Your questions answered: Do ladder rungs need a safety rating?

By Jeff Salton on June 5th, 2018
  1. Risk Management
  2. Risk Assessment

 

Q
Where a person is ascending a vertical ladder, using a full body harness/twin tail lanyard fall arrest system and using the ladder rungs as anchor points, do the ladder rungs have to be rated the same as other designated anchor points in accordance with AS/NZS 1891.4 2009 Industrial fall-arrest systems and devices; selection, use and maintenance (i.e.: 12 Kn for limited free fall-arrest)?

 

A
As a starting point, compliance with a standard (such as AS/NZS 1891.4 2009 as you have mentioned) is only mandatory if it is stated as being so in the WHS legislation. The AS/NZS 1891.4 2009 is actually not a mandatory standard under the legislation, and is not referred to under the WHS Regulations.

However, the Code of Practice: Managing the risk of falls in workplaces, does include reference to the AS/NZS 1891.4 2009 series and ‘relevant Australian/New Zealand Standards’.

The anchorage points section states: “Each anchorage point should comply with the requirements in AS/NZS 1891.4 Industrial fall-arrest systems and devices selection, use and maintenance.”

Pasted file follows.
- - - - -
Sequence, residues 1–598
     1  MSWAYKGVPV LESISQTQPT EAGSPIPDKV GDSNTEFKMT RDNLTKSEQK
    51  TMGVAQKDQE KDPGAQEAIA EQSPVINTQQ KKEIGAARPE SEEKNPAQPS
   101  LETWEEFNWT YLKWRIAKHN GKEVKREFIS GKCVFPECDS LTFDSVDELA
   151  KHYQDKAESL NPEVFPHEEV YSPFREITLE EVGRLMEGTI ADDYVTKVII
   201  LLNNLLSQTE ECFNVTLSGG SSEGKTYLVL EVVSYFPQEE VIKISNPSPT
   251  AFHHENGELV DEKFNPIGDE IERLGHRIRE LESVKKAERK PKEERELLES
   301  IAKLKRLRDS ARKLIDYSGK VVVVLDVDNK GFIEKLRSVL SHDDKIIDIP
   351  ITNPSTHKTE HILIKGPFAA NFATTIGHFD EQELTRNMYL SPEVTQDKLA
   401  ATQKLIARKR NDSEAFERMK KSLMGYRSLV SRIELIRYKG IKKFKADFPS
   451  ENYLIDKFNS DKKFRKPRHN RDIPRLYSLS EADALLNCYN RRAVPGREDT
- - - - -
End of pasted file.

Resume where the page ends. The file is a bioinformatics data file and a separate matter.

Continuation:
Under the restraint technique section, it also states that a restraint technique is suitable for use where “the restraint system conforms with AS/NZS 1891 Industrial fall-arrest systems and devices series.” It further makes clear that temporary systems should comply with the AS/NZS 1891 series of standards. We recommend reading the Code, located at the Safe Work Australia website.

You should be aware that while compliance with a standard that is referenced in a code of practice is not mandatory, a Court may have regard to it in determining what is reasonably practicable in the circumstances. The code should be followed unless following another method provides an equivalent or higher standard of work health and safety.

Therefore, it is our view that the fall arrest systems being used with the anchors should provide energy absorbers, or other means, that limit the peak load on the harness connection and thus anchor during a fall to 6kN, as per the AS/NZS 1891 suite of standards.

Each year too many workers are injured in falls from heights. Read the Working at Height chapter in the Health & Safety Handbook to help you to identify and manage the risks associated with this dangerous activity.

Like all chapters in the Handbook (more than 70), the Working At Heights chapter is written in plain English by the health and safety experts at Holding Redlich lawyers.

Order your copy today to take advantage of their expert knowledge.

 





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